We also found that men and women with the highest levels of vitamin C were 60 to 70 per cent less likely to die from heart attacks or strokes than those with the lowest levels.
These are some of the largest effects of a small change in diet ever detected. They show that there could be significant health gains from even a small increase in fruit and vegetable consumption
High impact sports may preserve bone density
Published in the British Medical Journal, January 2001 (BMJ 322(7279): 140-146)
We examined data from over 5,000 EPIC participants aged 45-74 who had attended for a second health check. At the check, ultrasound measurements of the heels were made. Low heel bone ultrasound values (low attenuation) are known to be associated with low bone mineral density.
The participants also completed a questionnaire on their physical activity. From this questionnaire, people's recreational activities were classified into four groups according to levels of impact. Activities with no impact included swimming and snooker. Badminton and step aerobics, for example, were classified into the highest impact group.
We found that reported time spent on high impact physical activity was strongly and positively associated with higher ultrasound levels, regardless of people's age and weight. Men who reported taking part in high impact activities for more than two hours a week had around 10% higher ultrasound levels than men who recorded no activity of this type. For women, the high impact group had levels 3% higher, an effect similar in size to an age difference of four years. Women who climbed stairs more often also had higher ultrasound measurements, and those who spent more time watching television had lower levels.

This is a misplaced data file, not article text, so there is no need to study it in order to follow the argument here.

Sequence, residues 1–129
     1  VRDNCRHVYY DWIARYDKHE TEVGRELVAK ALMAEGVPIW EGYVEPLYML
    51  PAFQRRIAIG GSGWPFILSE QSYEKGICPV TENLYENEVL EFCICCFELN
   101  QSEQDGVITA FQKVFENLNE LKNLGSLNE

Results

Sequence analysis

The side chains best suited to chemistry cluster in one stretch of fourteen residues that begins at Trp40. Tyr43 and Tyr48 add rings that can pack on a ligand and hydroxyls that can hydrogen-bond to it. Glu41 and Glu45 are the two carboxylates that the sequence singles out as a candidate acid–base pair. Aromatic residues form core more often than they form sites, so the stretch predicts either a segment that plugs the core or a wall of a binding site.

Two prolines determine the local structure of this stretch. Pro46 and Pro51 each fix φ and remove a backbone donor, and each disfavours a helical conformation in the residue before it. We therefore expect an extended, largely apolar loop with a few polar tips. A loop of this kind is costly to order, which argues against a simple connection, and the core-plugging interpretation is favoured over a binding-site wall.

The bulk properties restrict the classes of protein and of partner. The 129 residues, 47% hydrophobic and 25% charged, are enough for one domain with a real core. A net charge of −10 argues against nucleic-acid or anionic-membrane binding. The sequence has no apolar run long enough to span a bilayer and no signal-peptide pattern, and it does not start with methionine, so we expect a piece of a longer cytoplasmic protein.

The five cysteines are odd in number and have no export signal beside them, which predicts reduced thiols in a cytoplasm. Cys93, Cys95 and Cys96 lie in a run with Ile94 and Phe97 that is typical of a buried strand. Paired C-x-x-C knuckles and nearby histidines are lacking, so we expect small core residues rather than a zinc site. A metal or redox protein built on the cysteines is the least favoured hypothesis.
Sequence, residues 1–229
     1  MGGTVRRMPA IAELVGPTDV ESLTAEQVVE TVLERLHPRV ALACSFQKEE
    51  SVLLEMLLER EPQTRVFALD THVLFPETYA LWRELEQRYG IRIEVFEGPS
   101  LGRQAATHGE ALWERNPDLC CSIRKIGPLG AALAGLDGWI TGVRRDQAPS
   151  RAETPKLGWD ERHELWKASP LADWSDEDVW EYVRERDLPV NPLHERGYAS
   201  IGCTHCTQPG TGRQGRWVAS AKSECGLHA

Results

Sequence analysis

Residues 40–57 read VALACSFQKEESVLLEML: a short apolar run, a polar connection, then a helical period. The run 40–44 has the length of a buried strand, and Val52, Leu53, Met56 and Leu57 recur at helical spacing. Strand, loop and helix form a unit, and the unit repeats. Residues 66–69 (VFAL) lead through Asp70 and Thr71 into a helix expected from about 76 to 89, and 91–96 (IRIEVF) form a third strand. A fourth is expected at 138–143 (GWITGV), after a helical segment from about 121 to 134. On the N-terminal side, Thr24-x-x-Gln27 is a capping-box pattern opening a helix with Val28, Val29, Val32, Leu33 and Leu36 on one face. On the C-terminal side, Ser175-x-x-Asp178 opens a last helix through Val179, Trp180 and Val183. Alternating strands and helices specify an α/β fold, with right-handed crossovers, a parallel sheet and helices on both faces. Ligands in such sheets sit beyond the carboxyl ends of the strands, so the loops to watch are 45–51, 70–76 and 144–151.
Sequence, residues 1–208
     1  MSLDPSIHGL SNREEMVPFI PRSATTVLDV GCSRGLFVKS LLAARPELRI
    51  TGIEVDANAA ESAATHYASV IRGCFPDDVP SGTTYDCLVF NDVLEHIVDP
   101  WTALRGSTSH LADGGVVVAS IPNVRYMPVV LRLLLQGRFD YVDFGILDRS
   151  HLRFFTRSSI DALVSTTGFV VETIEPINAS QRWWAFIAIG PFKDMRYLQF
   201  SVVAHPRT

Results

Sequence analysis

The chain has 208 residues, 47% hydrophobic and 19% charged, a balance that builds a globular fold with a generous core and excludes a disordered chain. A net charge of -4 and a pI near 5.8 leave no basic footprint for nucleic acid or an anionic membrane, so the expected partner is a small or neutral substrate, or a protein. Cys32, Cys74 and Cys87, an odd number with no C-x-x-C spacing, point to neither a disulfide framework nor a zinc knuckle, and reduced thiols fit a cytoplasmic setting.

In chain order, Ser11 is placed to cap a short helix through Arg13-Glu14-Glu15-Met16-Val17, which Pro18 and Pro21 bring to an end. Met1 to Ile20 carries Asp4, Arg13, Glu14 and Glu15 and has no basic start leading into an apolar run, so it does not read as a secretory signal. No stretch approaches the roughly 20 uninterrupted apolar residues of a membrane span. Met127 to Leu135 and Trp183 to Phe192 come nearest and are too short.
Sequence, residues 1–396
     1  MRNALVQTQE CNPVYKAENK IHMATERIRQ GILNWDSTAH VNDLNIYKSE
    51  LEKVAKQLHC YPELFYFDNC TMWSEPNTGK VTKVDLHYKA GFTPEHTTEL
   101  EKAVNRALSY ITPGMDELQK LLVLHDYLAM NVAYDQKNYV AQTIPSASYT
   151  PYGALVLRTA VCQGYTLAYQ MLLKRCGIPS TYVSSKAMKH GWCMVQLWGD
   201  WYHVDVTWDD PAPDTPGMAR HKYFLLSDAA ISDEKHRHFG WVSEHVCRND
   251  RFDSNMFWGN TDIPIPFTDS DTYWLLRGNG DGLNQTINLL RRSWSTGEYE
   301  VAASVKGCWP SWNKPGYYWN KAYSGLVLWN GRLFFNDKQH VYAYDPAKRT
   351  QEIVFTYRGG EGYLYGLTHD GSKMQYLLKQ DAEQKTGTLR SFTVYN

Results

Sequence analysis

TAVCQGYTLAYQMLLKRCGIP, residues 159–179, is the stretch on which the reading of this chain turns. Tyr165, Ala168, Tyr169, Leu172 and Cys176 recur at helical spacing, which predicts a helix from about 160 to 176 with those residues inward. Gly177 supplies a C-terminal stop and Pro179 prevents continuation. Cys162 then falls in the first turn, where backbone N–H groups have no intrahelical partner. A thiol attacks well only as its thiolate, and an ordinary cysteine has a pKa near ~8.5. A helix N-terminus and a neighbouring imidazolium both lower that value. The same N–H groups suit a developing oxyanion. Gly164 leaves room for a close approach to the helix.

Our results suggest that participation in high impact activities may help preserve bone density and reduce the risk of fracture for people in mid-life. However, this would not be appropriate for older people, who have thinner bones, as these activities could increase the likelihood of falls and fractures.
Blood glucose levels could help predict risk of heart disease
Published in the British Medical Journal, January 2001 (BMJ 322(7277): 15-20)
Nearly 5,000 male EPIC participants aged 45 to 79 completed the baseline health examination and had the HbA1c concentration in their blood measured. HbA1c is an indicator of average blood glucose levels over the previous three months. It was previously known that people with diabetes have an increased risk of heart disease and that HbA1c concentrations can predict risk of heart disease in people with diabetes.
We found that around half of the male population studied had an increased risk of fatal heart attacks and strokes because of raised blood glucose levels. The vast majority of these men would not be classified as diabetic. Risk of death from all causes, and from heart disease in particular, was found to increase with increasing HbA1c concentration at all levels. Even mildly elevated blood glucose seemed to predict heart disease.
We also measured HbA1c concentration in women. Women are less likely to develop heart disease than men, and we did not observe enough deaths in the study period to draw any firm conclusions. We would expect similar results to apply to women, though we will have to wait longer to confirm this.
Our findings suggest that blood glucose should be considered with high blood pressure and high cholesterol as an important factor in heart disease. Reducing HbA1c concentration in the whole population by just 0.2 per cent could reduce overall mortality by 10 per cent.